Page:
I wasn't trying to tie it to the dollar per se, that was just an example for the initial stabilization phase. The coin's price will essentially be tied to the global average electricity cost. So if global electricity suddenly got 10% cheaper (eg. new invention) all coins will lose 10% of their value and be worth, for example, 90 cents each (and vice-versa). I find that a very reasonable drawback though, not to mention unavoidable. But if the fed prints a trillion dollars tomorrow that will make the dollar cheaper, so it'll cost people more cents per Kilowatt worldwide, so the coins remain essentially unchanged.

I'm proposing that it is avoidable in the newest version of my proposal. Smiley

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But who will the merchants pay their money for to acquire bitcoin credit?

Not sure what you mean. By putting their money on the line, I mean they must maintain a certain balance in their account to get transaction fees refunded. It is basically security against approving bad spends. The penalty for attempting to subvert the network is losing whatever balance you have.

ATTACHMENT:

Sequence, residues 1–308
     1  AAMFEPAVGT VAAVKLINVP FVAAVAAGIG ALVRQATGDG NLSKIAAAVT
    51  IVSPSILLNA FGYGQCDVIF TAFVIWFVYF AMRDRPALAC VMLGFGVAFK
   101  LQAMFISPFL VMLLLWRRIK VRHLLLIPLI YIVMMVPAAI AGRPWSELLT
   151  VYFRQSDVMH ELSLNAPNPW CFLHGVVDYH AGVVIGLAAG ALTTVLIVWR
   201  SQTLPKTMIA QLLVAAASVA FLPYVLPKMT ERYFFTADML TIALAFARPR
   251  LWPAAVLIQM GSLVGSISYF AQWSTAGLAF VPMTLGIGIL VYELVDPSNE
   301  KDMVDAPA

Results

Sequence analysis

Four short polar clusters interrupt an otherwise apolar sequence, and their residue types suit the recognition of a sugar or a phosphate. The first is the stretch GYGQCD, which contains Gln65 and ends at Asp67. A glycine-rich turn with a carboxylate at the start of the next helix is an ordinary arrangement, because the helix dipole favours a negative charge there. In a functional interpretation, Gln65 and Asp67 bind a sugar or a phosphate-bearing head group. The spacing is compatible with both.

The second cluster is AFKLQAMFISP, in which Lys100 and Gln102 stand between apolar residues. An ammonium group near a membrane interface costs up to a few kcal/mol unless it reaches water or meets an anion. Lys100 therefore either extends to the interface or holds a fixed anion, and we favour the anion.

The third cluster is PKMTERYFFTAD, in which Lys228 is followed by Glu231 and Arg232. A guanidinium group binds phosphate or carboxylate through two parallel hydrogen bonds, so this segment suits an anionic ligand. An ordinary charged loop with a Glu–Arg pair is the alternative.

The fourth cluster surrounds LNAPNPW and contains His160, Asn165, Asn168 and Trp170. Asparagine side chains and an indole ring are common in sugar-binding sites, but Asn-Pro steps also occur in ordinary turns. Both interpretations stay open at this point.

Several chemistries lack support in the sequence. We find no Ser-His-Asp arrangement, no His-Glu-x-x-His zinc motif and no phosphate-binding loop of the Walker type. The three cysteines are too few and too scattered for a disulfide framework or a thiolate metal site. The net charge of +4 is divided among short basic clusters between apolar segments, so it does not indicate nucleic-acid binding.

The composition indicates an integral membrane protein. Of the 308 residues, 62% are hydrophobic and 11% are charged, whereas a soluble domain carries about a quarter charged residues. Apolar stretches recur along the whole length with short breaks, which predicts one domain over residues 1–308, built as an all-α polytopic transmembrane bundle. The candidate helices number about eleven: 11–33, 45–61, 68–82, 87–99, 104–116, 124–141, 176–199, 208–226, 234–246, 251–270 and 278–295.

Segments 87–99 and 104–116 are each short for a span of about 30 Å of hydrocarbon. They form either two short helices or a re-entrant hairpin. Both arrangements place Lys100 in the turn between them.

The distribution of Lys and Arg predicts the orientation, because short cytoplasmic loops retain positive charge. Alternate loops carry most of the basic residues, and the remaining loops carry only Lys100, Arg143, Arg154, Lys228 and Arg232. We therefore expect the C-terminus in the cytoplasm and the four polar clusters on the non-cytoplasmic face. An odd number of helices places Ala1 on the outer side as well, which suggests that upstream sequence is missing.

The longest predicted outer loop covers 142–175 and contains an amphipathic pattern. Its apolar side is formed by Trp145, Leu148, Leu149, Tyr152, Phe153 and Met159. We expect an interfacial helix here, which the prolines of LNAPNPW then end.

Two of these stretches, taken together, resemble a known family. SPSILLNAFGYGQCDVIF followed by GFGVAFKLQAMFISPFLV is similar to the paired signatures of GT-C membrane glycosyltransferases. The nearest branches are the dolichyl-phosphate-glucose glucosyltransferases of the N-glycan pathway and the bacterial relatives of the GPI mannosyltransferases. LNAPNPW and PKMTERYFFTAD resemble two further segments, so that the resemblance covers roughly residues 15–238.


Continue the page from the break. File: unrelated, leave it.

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How will it be decentralized? My suggestion keeps everything in the current design intact except for the number of coins each new block will contain. That's why I believe it requires very simple modification to the current code, plus it will be just as familiar to the existing audience.

It will be less decentralized in that each node in the network is aware of what other nodes are approving transactions. It will be less anonymous in that nodes that are approving transactions will have to sign those transactions. But these trade-offs mean that the network does not rely on hashing power and it will ultimately be far more scalable and far more adjustable than bitcoin. The endgame for bitcoin is that bank-like entities will be running the show as regular nodes have no hope of actually being a part of the network (8Gb/s bandwidth, a terabyte of space every few days). It puts the power back into the hands of the elite.